Next time I am going to evaluate the AF performance of the F100 and 50mm 1.8D combo. And see what speed I can get @ ISO 800.

Saludos,

Mauricio

RBSinTo

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Re: Tango performance
« Reply #3 on: February 10, 2018, 21:00:00 »
Mauricio,
Tango is incredibly sensual, and I think you've captured the feeling especially well in the first photo.
My only suggestion would be to crop out most of the background to our right of the dancers, to eliminate the incredibly annoying persons with the cell phone and camera.
Robert
I shoot with film. That's film. F...i...l...m. You remember film. It was in all the papers.

golunvolo

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Re: Tango performance
« Reply #4 on: February 10, 2018, 23:29:16 »
That´s a good work specially considering your gear. I find it very limiting for a job already hard to do. I have listened to your point of view and will use a 24-70 2.8 to get more flexible if your position is fixed. Afs is a much better choice and you can always go back to manual if prefered.

  Shutter speed between f2 and f2.8 at that focal length is not as critical as framing and focus are. Both will be considerable easier.
 
   I think the first one is closer to your explained goal. You captured a beautiful and sensual line in her body and the whole works very well. Separation by light i like a lot and you can darker a bit the background to accentuate it if you want to try.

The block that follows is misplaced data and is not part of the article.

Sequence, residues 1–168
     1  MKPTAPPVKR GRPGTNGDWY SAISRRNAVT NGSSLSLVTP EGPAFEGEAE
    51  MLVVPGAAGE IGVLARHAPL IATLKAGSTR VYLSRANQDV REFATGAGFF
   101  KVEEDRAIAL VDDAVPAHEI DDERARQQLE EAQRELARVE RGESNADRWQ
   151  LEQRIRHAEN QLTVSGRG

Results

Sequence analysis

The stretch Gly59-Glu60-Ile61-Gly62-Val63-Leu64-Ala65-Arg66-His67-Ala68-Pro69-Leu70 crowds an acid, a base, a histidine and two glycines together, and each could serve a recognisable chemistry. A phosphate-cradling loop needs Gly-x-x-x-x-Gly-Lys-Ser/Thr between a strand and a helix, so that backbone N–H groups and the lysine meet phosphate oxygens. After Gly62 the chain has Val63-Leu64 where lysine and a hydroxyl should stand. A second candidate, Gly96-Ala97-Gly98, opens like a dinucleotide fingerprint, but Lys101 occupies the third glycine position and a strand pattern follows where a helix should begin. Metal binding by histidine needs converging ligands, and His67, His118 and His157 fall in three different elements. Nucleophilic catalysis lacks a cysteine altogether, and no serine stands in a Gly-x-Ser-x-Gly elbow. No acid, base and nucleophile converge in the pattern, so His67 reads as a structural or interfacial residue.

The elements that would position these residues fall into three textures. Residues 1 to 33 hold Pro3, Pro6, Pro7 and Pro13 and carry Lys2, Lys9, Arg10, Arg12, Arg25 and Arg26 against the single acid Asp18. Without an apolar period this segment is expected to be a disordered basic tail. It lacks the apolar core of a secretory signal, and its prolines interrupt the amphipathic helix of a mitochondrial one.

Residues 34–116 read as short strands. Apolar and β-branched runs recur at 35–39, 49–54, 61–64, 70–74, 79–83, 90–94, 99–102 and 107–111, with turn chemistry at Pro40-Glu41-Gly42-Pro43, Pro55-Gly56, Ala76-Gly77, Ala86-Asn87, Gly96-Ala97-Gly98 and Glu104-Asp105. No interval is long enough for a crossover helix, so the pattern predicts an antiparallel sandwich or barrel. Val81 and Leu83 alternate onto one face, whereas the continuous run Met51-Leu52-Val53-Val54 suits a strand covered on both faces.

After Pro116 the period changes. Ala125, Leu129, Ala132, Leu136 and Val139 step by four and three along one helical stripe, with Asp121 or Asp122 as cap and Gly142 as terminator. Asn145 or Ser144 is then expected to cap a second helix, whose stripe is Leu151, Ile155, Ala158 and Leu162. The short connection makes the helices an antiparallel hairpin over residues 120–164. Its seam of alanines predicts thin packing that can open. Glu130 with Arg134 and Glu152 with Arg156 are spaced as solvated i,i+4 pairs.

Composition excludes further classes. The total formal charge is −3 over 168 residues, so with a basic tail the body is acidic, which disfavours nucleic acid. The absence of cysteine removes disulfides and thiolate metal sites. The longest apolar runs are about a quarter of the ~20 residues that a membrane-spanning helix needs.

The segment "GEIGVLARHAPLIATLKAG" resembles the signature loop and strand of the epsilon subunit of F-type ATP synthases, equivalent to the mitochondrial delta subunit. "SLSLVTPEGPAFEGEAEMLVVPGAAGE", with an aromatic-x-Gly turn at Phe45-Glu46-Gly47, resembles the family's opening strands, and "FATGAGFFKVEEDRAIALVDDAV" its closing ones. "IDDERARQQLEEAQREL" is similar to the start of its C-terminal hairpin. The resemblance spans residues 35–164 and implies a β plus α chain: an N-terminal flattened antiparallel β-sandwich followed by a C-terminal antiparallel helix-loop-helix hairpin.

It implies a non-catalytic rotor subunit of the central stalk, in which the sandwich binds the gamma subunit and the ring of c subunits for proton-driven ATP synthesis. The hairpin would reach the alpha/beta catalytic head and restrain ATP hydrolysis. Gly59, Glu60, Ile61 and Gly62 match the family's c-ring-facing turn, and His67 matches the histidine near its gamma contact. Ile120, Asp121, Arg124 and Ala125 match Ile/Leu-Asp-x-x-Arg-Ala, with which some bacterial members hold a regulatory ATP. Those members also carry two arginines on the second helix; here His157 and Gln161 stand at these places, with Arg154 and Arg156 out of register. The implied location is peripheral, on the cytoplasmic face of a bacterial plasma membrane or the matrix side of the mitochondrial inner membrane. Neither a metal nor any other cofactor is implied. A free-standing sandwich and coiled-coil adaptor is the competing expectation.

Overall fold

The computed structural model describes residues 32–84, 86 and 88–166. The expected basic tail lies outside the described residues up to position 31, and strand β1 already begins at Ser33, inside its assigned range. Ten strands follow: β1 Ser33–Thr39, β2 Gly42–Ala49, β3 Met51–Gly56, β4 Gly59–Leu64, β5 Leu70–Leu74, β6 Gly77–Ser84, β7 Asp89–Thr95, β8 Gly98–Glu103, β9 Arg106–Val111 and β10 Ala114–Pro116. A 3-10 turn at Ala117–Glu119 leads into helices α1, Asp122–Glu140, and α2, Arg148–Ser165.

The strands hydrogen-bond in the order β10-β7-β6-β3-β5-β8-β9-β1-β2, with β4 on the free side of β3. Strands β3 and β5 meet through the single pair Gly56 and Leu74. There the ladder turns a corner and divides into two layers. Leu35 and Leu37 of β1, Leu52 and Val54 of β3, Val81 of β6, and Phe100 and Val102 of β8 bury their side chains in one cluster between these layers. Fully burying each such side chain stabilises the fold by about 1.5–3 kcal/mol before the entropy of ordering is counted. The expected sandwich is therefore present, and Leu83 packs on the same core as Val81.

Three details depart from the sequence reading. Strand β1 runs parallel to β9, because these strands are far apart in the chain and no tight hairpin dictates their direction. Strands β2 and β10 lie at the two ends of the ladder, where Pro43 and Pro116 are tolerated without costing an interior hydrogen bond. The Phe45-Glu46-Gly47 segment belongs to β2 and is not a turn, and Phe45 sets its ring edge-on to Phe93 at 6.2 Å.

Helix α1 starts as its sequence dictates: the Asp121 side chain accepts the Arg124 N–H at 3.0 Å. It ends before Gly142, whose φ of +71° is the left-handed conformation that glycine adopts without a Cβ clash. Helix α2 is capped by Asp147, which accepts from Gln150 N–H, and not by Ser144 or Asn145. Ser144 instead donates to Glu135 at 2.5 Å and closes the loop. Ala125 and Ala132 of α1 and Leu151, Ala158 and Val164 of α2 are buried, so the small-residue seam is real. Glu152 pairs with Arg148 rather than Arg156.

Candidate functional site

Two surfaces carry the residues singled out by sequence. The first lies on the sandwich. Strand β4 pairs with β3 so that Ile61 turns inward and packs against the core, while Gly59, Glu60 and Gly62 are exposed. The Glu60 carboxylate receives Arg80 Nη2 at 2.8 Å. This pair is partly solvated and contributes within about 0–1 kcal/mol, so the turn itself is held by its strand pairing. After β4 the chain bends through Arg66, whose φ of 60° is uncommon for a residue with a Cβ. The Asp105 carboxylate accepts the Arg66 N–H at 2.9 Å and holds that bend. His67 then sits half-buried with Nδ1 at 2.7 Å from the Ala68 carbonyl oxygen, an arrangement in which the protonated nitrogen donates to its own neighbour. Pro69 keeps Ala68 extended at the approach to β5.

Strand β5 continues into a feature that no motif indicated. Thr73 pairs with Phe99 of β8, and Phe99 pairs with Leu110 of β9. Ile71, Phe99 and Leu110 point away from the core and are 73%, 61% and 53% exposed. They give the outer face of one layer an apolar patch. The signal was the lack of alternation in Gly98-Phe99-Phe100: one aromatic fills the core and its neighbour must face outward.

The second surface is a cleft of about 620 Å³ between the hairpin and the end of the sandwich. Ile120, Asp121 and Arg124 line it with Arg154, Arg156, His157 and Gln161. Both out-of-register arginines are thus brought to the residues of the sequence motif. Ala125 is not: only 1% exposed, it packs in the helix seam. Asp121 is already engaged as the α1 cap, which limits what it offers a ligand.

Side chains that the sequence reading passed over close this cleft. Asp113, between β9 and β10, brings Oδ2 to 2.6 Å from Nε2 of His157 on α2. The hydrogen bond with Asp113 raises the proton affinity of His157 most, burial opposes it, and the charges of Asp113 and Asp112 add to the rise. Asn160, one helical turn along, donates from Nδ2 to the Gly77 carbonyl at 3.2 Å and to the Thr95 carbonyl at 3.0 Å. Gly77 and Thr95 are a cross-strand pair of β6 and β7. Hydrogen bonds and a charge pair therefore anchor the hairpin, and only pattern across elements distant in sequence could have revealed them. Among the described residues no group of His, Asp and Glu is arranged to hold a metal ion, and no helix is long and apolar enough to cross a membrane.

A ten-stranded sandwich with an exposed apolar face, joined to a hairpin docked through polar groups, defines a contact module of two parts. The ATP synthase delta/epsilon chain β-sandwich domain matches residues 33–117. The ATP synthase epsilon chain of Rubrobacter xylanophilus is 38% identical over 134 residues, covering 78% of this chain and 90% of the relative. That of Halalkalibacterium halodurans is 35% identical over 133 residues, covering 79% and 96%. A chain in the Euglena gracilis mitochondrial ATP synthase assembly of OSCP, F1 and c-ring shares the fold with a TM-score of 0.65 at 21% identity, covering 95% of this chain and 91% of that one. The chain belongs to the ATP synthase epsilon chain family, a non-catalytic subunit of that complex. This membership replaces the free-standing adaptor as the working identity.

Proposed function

For me the last one works best but that is just personal preference and it moves closer to the way I see tango.

   Looking forward to more of your work. Thanks for sharing!

 

   
 

Erik Lund

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Re: Tango performance
« Reply #5 on: February 11, 2018, 09:59:58 »
Emotional captures,,,

Due to the very mixed lighting and grain I would definitely process these as B&W and next time shoot on B&W film

Regarding dof, you will need to move in closer to isolate the subject more imho
Erik Lund

Mauricio Avila

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Re: Tango performance
« Reply #6 on: February 11, 2018, 17:46:41 »
Appreciate your comments,

@Robert, I am looking to isolate the subject by using a larger focal length. I agree with you about the annoying green bags and cellphones in the background. I tried to crop some images but as a result the frame changed from 3:2 to 1:1 and I did not like it.